SUBJECTS: Upcoming Budget; AFL player Jordan De Goey.
REBECCA MADDERN: Welcome back. It seems even tougher times are on the way. Speaking to the Australian Financial Review this morning, Treasurer Jim Chalmers warning big budget cuts lie ahead as the government prepares to hand down its first budget in October. It is one topic that has us talking today. Let’s bring in Education Minister Jason Clare and Neil Mitchell, host of 3AW Mornings. Good morning, gentlemen, to both of you.
JASON CLARE, MINISTER FOR EDUCATION: Morning guys.
NEIL MITCHELL: Good morning.
MADDERN: Minister, to you first. The Treasurer keeps going on about the one trillion dollar debt, talking about inheriting this wasteful spending. What is he referring to?
CLARE: Well, we’ve inherited some massive challenges. Inflation’s through the roof. You know that if you’ve been to the petrol station recently or if you’ve been to the supermarket. We’ve got wages that are flat, and we’ve got interest rates that are now coming through the door, hitting people really hard. There was some good news this week with an increase in the minimum wage. That will help Aussies that are on really low incomes. But we’re lumbered here with a budget that’s got about a trillion dollars of debt. The federal budget’s in worse shape than most state budgets. So what Jim’s talking about there is, one, we’ve got to make sure when we hand down this new budget in October that we implement the commitments we took to the election. But we’ve also got to go through it line by line, find the waste, find the rorts, he made the point today, find areas of duplication, where you might have two departments doing the same thing, to make sure we’re getting bang for buck. Make sure that taxpayers are getting value for money in a budget where you’ve got a trillion dollars of debt that we’re going to have to pay off.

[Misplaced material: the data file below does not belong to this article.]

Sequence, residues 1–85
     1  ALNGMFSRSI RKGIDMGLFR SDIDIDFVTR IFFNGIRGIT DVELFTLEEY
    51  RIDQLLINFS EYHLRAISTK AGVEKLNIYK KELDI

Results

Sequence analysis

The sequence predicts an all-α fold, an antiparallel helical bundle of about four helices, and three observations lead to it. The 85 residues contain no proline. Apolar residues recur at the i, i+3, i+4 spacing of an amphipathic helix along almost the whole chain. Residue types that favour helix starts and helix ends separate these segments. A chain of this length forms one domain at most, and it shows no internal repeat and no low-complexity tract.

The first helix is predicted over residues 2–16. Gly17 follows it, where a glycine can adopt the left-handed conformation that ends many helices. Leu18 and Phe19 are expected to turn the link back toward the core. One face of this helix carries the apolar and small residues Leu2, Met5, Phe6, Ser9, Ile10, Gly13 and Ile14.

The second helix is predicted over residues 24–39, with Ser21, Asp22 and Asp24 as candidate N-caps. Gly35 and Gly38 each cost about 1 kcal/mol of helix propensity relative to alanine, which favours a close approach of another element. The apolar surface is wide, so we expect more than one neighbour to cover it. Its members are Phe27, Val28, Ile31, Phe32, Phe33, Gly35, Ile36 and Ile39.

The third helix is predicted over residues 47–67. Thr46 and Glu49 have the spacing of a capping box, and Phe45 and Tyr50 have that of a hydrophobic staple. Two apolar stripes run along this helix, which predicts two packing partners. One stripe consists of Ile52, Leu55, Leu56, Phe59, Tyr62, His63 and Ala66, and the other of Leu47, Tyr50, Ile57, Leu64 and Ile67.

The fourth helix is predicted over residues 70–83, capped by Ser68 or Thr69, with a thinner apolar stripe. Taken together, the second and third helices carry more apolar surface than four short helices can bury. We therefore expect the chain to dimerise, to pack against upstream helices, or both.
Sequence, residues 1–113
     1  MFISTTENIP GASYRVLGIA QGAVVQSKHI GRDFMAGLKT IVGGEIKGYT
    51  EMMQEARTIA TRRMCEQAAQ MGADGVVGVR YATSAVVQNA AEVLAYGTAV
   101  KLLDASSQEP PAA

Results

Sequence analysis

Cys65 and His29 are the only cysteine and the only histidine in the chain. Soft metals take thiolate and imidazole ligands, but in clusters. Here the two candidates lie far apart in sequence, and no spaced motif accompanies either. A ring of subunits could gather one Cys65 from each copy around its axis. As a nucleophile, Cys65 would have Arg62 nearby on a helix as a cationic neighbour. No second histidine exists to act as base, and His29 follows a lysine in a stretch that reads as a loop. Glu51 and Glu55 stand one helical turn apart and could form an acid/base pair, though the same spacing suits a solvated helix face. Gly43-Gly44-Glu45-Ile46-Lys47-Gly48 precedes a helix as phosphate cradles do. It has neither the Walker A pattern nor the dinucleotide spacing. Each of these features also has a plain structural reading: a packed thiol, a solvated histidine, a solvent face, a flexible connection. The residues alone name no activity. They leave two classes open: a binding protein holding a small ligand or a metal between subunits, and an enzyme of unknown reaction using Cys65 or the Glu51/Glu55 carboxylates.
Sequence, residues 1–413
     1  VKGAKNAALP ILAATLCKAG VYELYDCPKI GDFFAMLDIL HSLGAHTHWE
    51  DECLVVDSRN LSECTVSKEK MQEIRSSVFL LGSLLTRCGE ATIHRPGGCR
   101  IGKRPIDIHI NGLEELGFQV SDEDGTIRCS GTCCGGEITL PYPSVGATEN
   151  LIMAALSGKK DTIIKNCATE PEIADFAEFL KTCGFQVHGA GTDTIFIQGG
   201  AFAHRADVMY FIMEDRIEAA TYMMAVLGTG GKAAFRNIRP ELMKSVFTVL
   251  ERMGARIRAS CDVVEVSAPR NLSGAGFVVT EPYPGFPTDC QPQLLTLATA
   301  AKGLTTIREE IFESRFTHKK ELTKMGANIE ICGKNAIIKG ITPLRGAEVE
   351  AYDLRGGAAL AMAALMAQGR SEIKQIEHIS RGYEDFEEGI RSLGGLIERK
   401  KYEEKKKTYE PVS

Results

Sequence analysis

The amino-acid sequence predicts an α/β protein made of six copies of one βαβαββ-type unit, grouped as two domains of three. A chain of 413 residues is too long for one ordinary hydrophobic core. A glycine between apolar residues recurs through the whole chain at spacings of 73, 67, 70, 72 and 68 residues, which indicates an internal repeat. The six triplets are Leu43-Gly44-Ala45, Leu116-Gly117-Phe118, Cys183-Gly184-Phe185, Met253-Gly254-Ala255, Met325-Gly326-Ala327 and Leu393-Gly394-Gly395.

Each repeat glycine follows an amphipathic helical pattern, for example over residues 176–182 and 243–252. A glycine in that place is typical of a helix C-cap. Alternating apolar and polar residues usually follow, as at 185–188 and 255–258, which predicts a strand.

MADDERN: We don’t have a bottomless pit, do we? Neil, what do you think about this? Labor has inherited a mess, or is it just a handy excuse?
MITCHELL: It’s the tradition, isn’t it? You win power and you say: Oh, look at the mess they’ve left us with. Everybody knew they were getting into a huge debt. That’s partly the pandemic, it’s partly other reasons. The question now is: where do you trim? Where do you cut? Do you know, every government comes in and proceeds to throw out promises. One of the strongest critics, and rightly so, of Tony Abbott when he did that, was Jason Clare, the very man we’ve got here. He went after Tony Abbott, because they got in, said it’s a mess, we’ve got to cut spending. So, Minister, are you going to cut spending in your areas? What about cheaper childcare? Is that still there? The school rebuilding projects? More university places? Free TAFE? You’re going to have to go through all your promises, and I will guarantee you they don’t all survive.
MADDERN: Will you deliver, Minister?
CLARE: My criticism of Tony Abbott nine years ago was he said no cuts to education, no cuts to health, no changes to the pension, then he went through, one by one, and broke all of those.
MITCHELL: Yeah, that’s right.
CLARE: You do that, you break trust, Neil.
MITCHELL: That’s what I’m saying.
CLARE: So my response to that is: we promised cheaper childcare. One of the top priorities for me, for Anthony and the team, is to introduce legislation when parliament goes back and get it passed through this year, so that we can make that a reality. We need to keep our promises…
MITCHELL: [Interrupts] So, will every one of your promises be honoured?